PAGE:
Boost logo

Boost :

From: Csaba Szepesvari (szepes_at_[hidden])
Date: 1999-08-21 10:09:37

James Curran/MVP wrote:

> From: Reid Sweatman <reids_at_[hidden]>
> >class foo
> >{
> >public:
> > foo(value_type& T = nValue,bool initialise = false)
> >{ if(initialize) Initialize(T); }
> >};
> Am I missing something? I don't see that working as expected...
> Consider the simplified:
> class foo
> {
> int n;
> public:
> foo(int N = 5,bool initialise = false)
> { if(initialize) n = N; }
> };
> Now, Case #1
> Written: Foo X;
> Effective: foo X(5,false);
> Effect: X.n is not initialized.
> Case #2
> Written: foo X(7)
> Effective: foo X(7, false);
> Effect: X.n is not initialized.
> Case #3
> Written: foo X(7, true);
> Effective: same
> Effect: X.n is initialized to 7.
> Case #4
> Written: foo X(, true);
> Effective: foo X(5, true); // almost....
> Effect: X.n would be initialized to 5, if it weren't a syntax error.
> So, it would seem, that the only place where the default for the
> second-to-last parameter could be used it, is an error. Furthermore, the
> effect of case #2 is counter-intuitive.

You could change the initialization argument to a template argument as I
proposed before and then things would work as one would expect them to work.
However, I have to agree with Reid (see his earlier mail) that having just
two constructors, one without any parameters (and doing no initialization)
and one with a parameter used in the initialization would do the job. If you
have an idea of how to initialize your class you could add a third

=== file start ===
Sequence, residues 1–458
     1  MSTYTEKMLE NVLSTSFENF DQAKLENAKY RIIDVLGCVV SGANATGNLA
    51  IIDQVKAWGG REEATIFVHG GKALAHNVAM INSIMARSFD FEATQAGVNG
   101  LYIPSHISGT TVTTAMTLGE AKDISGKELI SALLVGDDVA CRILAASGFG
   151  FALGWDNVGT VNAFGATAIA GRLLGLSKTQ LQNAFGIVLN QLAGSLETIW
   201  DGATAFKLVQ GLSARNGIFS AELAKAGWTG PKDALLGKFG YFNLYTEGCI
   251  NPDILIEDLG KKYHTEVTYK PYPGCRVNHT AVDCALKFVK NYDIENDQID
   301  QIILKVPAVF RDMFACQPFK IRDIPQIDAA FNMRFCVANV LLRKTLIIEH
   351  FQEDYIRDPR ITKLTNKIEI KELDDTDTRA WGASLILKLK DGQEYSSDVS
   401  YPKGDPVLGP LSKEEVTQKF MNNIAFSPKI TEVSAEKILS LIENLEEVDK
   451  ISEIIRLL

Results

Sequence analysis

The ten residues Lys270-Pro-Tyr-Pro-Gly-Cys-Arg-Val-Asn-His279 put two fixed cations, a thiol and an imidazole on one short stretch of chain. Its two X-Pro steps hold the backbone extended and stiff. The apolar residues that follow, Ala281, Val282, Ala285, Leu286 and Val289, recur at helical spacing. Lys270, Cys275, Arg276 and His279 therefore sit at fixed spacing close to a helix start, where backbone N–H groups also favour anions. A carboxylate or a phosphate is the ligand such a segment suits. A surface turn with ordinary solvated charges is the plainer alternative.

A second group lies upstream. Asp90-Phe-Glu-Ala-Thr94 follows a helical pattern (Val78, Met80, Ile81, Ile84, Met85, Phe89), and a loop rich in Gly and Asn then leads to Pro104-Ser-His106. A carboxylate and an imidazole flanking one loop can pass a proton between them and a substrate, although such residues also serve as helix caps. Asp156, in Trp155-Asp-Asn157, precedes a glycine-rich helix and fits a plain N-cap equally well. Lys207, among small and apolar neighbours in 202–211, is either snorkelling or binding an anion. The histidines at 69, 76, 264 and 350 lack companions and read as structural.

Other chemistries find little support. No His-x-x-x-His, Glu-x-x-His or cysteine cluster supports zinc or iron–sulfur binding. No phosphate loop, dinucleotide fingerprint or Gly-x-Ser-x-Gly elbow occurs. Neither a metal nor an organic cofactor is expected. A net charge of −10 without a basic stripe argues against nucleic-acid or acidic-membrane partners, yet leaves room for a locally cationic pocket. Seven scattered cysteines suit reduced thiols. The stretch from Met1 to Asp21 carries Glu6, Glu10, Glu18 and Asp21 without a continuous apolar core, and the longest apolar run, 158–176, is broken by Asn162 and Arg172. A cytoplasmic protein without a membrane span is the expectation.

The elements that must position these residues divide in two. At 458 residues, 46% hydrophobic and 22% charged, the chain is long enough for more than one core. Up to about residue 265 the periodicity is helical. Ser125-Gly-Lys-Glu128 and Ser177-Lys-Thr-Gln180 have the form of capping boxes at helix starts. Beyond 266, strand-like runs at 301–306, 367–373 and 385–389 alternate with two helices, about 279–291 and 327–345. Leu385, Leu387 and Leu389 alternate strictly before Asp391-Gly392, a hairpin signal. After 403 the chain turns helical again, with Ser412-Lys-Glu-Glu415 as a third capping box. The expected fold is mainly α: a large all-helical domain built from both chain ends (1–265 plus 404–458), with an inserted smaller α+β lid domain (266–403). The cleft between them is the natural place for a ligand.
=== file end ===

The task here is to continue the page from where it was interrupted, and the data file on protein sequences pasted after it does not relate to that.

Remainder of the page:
constructor that would do the initialization with the default value. This
third constructor would have an enum parameter (just to differentiate this
constructor from the others):
class foo
  typedef enum { init_with_default } Init_with_default;
  foo( Init_with_default ) { Initialize(); }
foo f(init_with_default);
would then do the job.

But the main reason of writing this letter is to let me make the observation
that normally you initialize vectors by passing a constructed object to the
vector constructor:

std::vector<foo> foovector( 10, foo(5) );

- this means copy construction which may be as efficient as direct
initialization (but this depends on many factors including the actual
implementation of the default allocator of the vector). So for vectors things
are nice and simple.

What you cannot do in this way is to have an initialized array of foos:

foo* fooarray = new foo[5];

- for this you would need a default constructor that is doing the
initialization (i.e. an initialization constructor is not sufficient here).
I don't see any way to have a class from which I could create both
initialized and unitialized arrays: there is only one default constructor and
it can only do one thing (either initize or don't initialize).
You could make the whole class a template with a bool parameter denoting if
initialization is needed - this seems to be the only way to overcome this
problem, e.g.
template <bool init =
class foo
    foo() { if (init) Initialize(); }
then you could have all versions:
foo<>* fooarray1 = new foo<>[5];
foo<true>* fooarray1 = new foo<true>[5];
foo<false>* fooarray1 = new foo<false>[5];

but probably this has an unacceptably high price: the initialized and
unitialized versions of foo are actually different classes! You would need
quite an amount of work to make them equivalent.
Now comes the idea that having two classes allows one two have to default
constructors and a clever derivation may actually solve the problem:
class foo
  foo() { };
class foo_init : public foo
  foo_init() { Initalize(); }
(obviously, the other way around, having foo_init as the base class won't
work for obvious reasons).
Then you are allowed to write:

 foo* fnarray = new foo[5];
 foo* fnarray2 = new foo_init[5];

- perhaps a bit strange piece of code, but works. The price is minimal (for
simple classes).
But anyway, I think that all these are two complicated and using vectors is a
better way to solve the "initialize or not to initialize dilemma".

- Csaba

Boost list run by bdawes at, gregod at, cpdaniel at, john at